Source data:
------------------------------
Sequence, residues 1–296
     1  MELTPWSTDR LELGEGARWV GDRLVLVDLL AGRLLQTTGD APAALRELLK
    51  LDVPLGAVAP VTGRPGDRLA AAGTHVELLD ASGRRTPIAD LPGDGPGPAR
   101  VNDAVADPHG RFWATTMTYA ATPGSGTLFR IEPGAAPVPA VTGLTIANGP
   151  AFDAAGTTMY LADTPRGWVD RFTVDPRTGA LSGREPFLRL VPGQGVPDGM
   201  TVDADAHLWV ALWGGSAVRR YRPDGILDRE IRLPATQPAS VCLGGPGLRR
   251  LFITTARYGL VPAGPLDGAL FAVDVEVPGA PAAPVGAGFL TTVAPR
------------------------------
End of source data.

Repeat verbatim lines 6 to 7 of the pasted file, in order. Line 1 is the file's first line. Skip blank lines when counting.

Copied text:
   201  TVDADAHLWV ALWGGSAVRR YRPDGILDRE IRLPATQPAS VCLGGPGLRR
   251  LFITTARYGL VPAGPLDGAL FAVDVEVPGA PAAPVGAGFL TTVAPR